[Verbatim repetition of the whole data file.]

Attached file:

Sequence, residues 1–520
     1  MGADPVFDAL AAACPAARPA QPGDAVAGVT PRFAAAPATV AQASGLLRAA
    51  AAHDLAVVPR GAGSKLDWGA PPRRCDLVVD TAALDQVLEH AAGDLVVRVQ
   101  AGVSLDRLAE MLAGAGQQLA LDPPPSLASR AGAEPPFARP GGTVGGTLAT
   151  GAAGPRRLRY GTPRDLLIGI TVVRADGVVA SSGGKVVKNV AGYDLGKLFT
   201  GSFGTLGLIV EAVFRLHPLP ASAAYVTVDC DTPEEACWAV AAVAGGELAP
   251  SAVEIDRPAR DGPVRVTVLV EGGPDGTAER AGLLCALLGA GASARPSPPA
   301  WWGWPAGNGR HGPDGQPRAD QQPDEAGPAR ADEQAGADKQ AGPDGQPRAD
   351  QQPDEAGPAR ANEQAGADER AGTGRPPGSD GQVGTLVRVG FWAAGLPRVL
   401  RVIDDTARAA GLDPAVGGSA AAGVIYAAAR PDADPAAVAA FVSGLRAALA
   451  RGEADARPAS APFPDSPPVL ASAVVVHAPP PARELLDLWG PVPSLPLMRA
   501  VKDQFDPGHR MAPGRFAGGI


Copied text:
Sequence, residues 1–520
     1  MGADPVFDAL AAACPAARPA QPGDAVAGVT PRFAAAPATV AQASGLLRAA
    51  AAHDLAVVPR GAGSKLDWGA PPRRCDLVVD TAALDQVLEH AAGDLVVRVQ
   101  AGVSLDRLAE MLAGAGQQLA LDPPPSLASR AGAEPPFARP GGTVGGTLAT
   151  GAAGPRRLRY GTPRDLLIGI TVVRADGVVA SSGGKVVKNV AGYDLGKLFT
   201  GSFGTLGLIV EAVFRLHPLP ASAAYVTVDC DTPEEACWAV AAVAGGELAP
   251  SAVEIDRPAR DGPVRVTVLV EGGPDGTAER AGLLCALLGA GASARPSPPA
   301  WWGWPAGNGR HGPDGQPRAD QQPDEAGPAR ADEQAGADKQ AGPDGQPRAD
   351  QQPDEAGPAR ANEQAGADER AGTGRPPGSD GQVGTLVRVG FWAAGLPRVL
   401  RVIDDTARAA GLDPAVGGSA AAGVIYAAAR PDADPAAVAA FVSGLRAALA
   451  RGEADARPAS APFPDSPPVL ASAVVVHAPP PARELLDLWG PVPSLPLMRA
   501  VKDQFDPGHR MAPGRFAGGI